PALMYRA, New York — Some scholars believe 14-year-old Joseph Smith, founder of The Church of Jesus Christ of Latter-day Saints, experienced his First Vision 200 years ago this week — on March 26, 1820.
Why that date? Researchers used weather data and other evidence to make that conclusion.
“Joseph Smith would have been working too hard tapping sugar maple trees to have gone to the woods to pray until the temperature got right, and he’d have free time and the first day would have been the 26,” says BYU church history professor Steven Harper.
But Harper says there are a lot of “ifs” involved in that.
Reporter Mary Richards traveled to Palmyra, New York, for the bicentennial of Joseph Smith's First Vision. Her full report about researching the anniversary can be found at KSLNewsRadio.com.
“The only date in the historical record, is ‘on a beautiful clear day early in the spring of 1820,'” he said, quoting Joseph Smith’s words.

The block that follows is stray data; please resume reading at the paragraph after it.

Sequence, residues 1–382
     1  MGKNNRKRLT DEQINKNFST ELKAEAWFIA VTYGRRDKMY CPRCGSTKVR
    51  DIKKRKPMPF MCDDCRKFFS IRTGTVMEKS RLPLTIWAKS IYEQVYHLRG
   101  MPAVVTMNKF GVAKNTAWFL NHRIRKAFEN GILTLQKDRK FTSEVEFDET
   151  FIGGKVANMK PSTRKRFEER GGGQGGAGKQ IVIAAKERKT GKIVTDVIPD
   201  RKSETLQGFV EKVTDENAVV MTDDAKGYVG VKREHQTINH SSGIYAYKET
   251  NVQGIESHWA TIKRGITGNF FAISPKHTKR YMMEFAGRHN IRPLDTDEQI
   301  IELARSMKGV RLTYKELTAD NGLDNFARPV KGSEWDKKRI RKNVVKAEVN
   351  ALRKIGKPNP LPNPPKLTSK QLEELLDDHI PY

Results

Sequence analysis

Latter-day Saint faithful believe a young Joseph Smith prayed in a grove in upstate New York, and saw God the Father and Jesus as two distinct persons in a vision.
In March 2020, the Sacred Grove has brown and bare trees as winter turns to spring. Spots of green moss grow on the trunks. It looks as it might have when Joseph Smith prayed in the trees in early spring 1820.
When Joseph went into the woods that day, he sought answers to questions about the state of his soul, and which church to join.
Various accounts — nine in all — detail different parts of the First Vision. Members of The Church of Jesus Christ of Latter-day Saints are encouraged to read all of them.
As an additional resource, this year the church released a six-episode podcast miniseries detailing the history of the First Vision.
KSL NewsRadio’s Mary Richards will have much more on the First Vision Bicentennial from Upstate New York in our special coverage during General Conference on KSL NewsRadio.